Global consumers prioritise climate change and cost of living – EY Future Consumer Index

Colette Devey of EY Ireland

Fifty-four percent of consumers are responding to their concerns by planning to buy less in the future



Read More:

17 November 2023

Share this post:



Climate change and the cost of living are top of the bill for global consumers who are now more intentional about what and when they buy, seeking to take advantage of discounts and deals while also bringing a sustainability lens to their purchasing decisions. That’s according to the thirteenth edition of the EY Future Consumer Index, which surveyed more than 22,000 consumers across 28 countries.

The latest edition of the Future Consumer Index finds the cost of living (94%) and climate change (89%) are front of mind for consumers. More than half (54%) of consumers globally say they are responding to their concerns by planning to buy less in the future. This is for a number of reasons, including as part of an effort to save money (73%), because they feel they don’t need new items (49%) or as part of an effort to help the environment (39%). Fashion accessories topped the list of product categories consumers plan to spend less on (61%), followed by toys and gadgets (51%) and clothing and footwear (44%).

Approaching Christmas, sales events are becoming even more attractive to consumers, with six in ten (61%) respondents globally planning to take part in Black Friday, Singles’ Day or similar sales campaigns. Seven in ten (71%) now say they plan to hold off on making some purchases until these periods, compared with half (48%) in November 2021. The report also reveals an increase in consumers shopping mostly or only online this festive season (up 16%), and a decline in shoppers purchasing items “mostly or only in-store” when compared with last year (down 14%).

After a year of extreme weather events consumers are increasingly being confronted with the real-time impacts of a changing climate. More than four in ten (42%) global consumers report they are thinking of changing the food they eat because climate change has pushed up prices or limited availability, and almost three in ten (29%) say they have been forced to make new choices already. More than two-thirds (67%) of respondents attribute their efforts to drive change to their deep concern for the fragility of the planet.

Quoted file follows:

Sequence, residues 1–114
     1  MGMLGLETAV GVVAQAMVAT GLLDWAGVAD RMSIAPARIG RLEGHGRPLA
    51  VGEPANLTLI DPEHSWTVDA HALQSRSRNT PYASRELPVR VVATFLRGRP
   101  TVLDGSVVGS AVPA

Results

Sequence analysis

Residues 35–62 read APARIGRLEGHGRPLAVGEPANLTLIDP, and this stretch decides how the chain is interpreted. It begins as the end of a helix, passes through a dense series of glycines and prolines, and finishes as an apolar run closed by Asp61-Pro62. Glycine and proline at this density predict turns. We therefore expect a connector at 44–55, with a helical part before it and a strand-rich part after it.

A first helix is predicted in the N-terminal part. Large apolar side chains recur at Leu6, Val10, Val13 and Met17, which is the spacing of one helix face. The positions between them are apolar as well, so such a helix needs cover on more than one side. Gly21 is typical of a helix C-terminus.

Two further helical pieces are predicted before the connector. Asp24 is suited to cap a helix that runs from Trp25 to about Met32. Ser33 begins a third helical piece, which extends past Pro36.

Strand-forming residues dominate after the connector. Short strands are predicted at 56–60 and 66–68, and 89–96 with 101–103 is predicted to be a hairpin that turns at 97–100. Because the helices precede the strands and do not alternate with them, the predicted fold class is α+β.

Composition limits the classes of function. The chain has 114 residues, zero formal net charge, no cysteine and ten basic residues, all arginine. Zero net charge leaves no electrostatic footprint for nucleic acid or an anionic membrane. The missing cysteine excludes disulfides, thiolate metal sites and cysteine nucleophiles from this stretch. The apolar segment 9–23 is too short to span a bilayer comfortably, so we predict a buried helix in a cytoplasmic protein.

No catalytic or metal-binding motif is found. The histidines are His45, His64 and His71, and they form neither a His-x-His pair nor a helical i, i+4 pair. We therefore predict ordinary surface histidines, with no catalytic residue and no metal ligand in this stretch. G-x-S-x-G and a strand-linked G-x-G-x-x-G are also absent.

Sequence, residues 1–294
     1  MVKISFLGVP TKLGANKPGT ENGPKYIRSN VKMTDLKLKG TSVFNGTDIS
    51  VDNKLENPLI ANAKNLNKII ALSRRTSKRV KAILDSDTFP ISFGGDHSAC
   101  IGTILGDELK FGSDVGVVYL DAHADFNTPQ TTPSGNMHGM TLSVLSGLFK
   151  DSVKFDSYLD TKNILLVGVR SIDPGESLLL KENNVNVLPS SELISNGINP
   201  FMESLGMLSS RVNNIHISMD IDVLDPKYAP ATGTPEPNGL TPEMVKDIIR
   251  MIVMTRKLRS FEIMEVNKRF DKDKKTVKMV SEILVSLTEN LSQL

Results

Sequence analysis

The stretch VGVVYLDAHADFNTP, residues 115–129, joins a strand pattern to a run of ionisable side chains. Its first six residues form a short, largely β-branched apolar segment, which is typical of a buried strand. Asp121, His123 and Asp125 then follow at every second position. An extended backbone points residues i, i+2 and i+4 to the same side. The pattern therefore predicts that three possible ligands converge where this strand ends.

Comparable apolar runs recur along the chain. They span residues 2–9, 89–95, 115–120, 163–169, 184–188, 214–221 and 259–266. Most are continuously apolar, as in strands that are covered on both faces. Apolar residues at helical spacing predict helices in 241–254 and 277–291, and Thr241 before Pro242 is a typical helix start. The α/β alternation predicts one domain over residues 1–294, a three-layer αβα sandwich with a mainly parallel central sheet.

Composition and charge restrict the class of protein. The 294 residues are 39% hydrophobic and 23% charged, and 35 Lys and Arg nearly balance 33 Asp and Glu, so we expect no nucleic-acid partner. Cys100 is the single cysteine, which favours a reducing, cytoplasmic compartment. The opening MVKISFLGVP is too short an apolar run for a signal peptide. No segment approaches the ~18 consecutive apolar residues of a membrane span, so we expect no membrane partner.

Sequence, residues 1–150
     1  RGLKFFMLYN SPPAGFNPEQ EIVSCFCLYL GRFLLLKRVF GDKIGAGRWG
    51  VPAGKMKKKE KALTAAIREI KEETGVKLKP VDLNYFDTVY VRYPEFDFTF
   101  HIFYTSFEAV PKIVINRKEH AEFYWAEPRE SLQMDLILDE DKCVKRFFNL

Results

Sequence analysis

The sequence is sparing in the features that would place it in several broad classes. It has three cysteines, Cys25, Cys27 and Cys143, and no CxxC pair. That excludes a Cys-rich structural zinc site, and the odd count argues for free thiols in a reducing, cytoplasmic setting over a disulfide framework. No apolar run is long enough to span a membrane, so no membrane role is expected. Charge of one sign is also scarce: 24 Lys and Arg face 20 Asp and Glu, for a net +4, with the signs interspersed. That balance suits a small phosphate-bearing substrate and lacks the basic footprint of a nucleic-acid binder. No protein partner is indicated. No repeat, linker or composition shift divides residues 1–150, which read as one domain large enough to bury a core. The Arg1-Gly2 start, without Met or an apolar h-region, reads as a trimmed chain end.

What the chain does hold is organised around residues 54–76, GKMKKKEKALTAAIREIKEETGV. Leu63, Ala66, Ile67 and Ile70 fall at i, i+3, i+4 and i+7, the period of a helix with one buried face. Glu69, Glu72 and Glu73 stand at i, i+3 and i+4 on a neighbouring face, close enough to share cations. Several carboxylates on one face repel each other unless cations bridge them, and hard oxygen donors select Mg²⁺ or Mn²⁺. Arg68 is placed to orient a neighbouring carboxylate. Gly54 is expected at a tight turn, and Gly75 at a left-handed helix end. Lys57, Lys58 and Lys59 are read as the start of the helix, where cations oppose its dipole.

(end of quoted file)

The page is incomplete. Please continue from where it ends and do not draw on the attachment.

The report also finds differing responses to this concern across the generations. Older generations are more active in adopting lifestyle behaviours to reduce their impact: 65% of baby boomers bring reusable bags to the store compared with just 43% of Gen Z, and 63% of baby boomers recycle or reuse packaging after use, compared with 48% of millennials. Yet, when it comes to spending more sustainably, younger generations are speaking with their wallets and double-checking company claims. Thirty-seven percent of Gen Z indicated that they are willing to pay for more sustainable goods and services compared with 29% of baby boomers. Thirty-one percent of Gen Z have checked the sustainability ratings of products compared with 18% of baby boomers.

Additionally, the report found a continued increase in the numbers of consumers shopping mostly or only online this festive season and a related decrease in those who shop in person. For retail businesses it is essential that they take this opportunity to meet their consumers where they are and technologies like Generative AI can support this.

Colette Devey, partner, EY Ireland, said: “This latest Future Consumer Index reveals a more Purposeful Consumer, keenly aware of both ongoing cost of living issues and the impact of climate change. Consumers are carefully considering what and where they buy, prioritising value for money, sustainability and asking themselves if a purchase is really necessary.

“We’re also seeing consumers increasingly looking to spread the cost of Christmas and other major events, taking the opportunity to buy early and take advantage of discounts and deals as part of seasonal sales such Black Friday and Cyber Monday. We expect a large number of consumers in Ireland to take part in festive sales this year. Interestingly, festive sales seem to be starting sooner than ever– already a range of retailers in Ireland have kicked off their discount season. This is why pricing and inventory will be a key priority for both consumer products companies and retailers as we head into the festive season.

Historically, there has been a gap between intention and action for governments, companies and consumers in their efforts to address sustainability. However, consumers are now increasingly willing to take sustainability actions which will either save them money or which do not cost them, and are more willing than ever to comply with government schemes which are designed to encourage sustainable behaviour. This is a positive sign ahead of the introduction of Ireland’s Deposit Return Scheme in early 2024 and whose success will be heavily reliant on consumer engagement with the scheme” Devey concluded.



Share this post:

Read More:

Back to Top ↑

Shelflife Magazine